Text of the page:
- (a) for all ${c}_{\u22b2}$-fixpoints A, we have ${\neg}_{\u22b2}{\neg}_{\u22b2}A\subseteq A$;(b) for all $x\in X$ and $y\u22b2x$, there is a ${y}^{\prime}\u22b2x$ such that for all $z\in X$, if $z\u22b2{y}^{\prime}$ then $y\u22b2z$.

**Proof.**

**Remark 4.15.**

**Remark 4.16.**

**Definition 4.17.**

**Example 4.18.**

**Definition 4.19.**

- 1.
- $\mathcal{M},x\u22a9p$ iff $x\in V\left(p\right)$;
- 2.
- $\mathcal{M},x\u22a9\neg \phi $ iff for all ${x}^{\prime}\u22b2x$, $\mathcal{M},{x}^{\prime}\u22ae\phi $;
- 3.
- $\mathcal{M},x\u22a9\phi \wedge \psi $ iff $\mathcal{M},x\u22a9\phi $ and $\mathcal{M},x\u22a9\psi $;
- 4.
- $\mathcal{M},x\u22a9\phi \vee \psi $ iff $\forall {x}^{\prime}\u22b2x$$\exists {x}^{\u2033}\u22b3{x}^{\prime}$: $\mathcal{M},{x}^{\u2033}\u22a9\phi $ or $\mathcal{M},{x}^{\u2033}\u22a9\psi $.

**Lemma 4.20.**

**Example 4.21.**

#### 4.2. Discrete Representation of Lattices with Negation

_{⊲}-fixpoints the given lattice embeds. The following definition and result are from [21] with some details expanded.

**Definition 4.22.**

- 1.
- if $a\nleqq b$, then there is a $(c,d)\in P$ with $c\le a$ and $c\nleqq b$;
- 2.
- for all $(c,d)\in P$, if $c\nleqq b$, then there is a $({c}^{\prime},{d}^{\prime})\u22b2(c,d)$ such that for all$({c}^{\u2033},{d}^{\u2033})\u22b3({c}^{\prime},{d}^{\prime})$, we have ${c}^{\u2033}\nleqq b$.

**Proposition 4.23.**

- 1.
- f is a complete embedding of L into $\mathfrak{L}(P,\u22b2)$;
- 2.
- if L is complete, then f is an isomorphism from L to $\mathfrak{L}(P,\u22b2)$.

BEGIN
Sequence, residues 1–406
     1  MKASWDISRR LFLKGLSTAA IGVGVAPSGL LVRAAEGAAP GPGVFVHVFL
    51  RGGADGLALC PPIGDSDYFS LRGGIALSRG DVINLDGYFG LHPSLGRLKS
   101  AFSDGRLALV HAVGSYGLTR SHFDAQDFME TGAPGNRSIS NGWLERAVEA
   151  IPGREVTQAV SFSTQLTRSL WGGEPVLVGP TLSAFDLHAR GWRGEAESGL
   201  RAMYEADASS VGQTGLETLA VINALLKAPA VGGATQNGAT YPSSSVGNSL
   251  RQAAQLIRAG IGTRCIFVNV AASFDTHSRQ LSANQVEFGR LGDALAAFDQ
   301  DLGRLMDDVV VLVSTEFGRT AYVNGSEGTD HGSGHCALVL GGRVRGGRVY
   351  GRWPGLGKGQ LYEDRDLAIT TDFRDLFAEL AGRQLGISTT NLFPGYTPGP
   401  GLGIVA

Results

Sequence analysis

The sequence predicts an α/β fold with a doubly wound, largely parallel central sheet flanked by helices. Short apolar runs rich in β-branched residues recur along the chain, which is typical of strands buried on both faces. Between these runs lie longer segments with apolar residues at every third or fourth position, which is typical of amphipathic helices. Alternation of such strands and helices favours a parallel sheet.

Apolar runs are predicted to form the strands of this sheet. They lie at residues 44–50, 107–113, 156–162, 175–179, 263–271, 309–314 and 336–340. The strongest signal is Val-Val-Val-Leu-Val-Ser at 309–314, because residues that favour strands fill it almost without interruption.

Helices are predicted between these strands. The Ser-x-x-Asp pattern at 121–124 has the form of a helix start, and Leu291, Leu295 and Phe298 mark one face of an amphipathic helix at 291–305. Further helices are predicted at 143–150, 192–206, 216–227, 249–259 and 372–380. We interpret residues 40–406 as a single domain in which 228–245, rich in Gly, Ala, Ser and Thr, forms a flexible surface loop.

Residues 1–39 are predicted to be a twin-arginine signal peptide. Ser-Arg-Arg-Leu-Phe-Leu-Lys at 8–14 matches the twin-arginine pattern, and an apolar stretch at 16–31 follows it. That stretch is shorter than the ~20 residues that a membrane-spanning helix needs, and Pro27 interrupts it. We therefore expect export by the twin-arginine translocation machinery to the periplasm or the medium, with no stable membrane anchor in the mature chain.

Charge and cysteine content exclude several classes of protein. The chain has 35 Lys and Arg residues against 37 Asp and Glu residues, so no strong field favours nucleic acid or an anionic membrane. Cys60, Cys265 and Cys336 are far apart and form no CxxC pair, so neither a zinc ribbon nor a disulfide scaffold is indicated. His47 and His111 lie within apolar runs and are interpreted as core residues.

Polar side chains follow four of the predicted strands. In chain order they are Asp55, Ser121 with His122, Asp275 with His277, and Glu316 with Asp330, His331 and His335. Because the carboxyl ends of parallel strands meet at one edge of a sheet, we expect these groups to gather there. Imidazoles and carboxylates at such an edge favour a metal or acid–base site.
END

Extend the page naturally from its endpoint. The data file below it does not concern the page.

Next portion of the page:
**Proof.**

**Theorem 4.24.**

- 1.
- If ¬ is a precomplementation on L, then where$$P=\left\{\right(a,\neg a)\mid a\in L\}\cup \left\{\right(1,b)\mid b\in \mathrm{\Lambda}\},$$
- 2.
- If ¬ is a protocomplementation on L, then where$$P=\left\{\right(a,\neg a)\mid a\in L,a\ne 0\}\cup \left\{\right(1,b)\mid b\in \mathrm{\Lambda},b\ne 1\},$$
- 3.
- If ¬ is an ultraweak pseudocomplementation on L, then where$$P=\left\{\right(a,\neg a)\mid a\in \mathrm{V}\}\cup \left\{\right(1,b)\mid b\in \mathrm{\Lambda}\},$$
- 4.
- If ¬ is a weak pseudocomplementation on L, then where$$P=\left\{\right(a,\neg a)\mid a\in \mathrm{V},a\ne 0\}\cup \left\{\right(1,b)\mid b\in \mathrm{\Lambda},b\ne 1\},$$

**Proof.**

**Example 4.25.**

**Figure 12.**A lattice with weak pseudocomplementation (

**left**) represented by a pseudosymmetric reflexive frame (

**right**) (with reflexive loops assumed but not shown) as in Theorem 4.24.4.

**Remark 4.26.**

**Theorem 4.27.**

- 1.
- $\phi {\u22a2}_{\mathsf{pre}}\psi $ if and only if $\phi {\vDash}_{\mathbb{K}}\psi $;
- 2.
- $\phi {\u22a2}_{\mathsf{pro}}\psi $ if and only if $\phi {\vDash}_{\mathbb{R}}\psi $;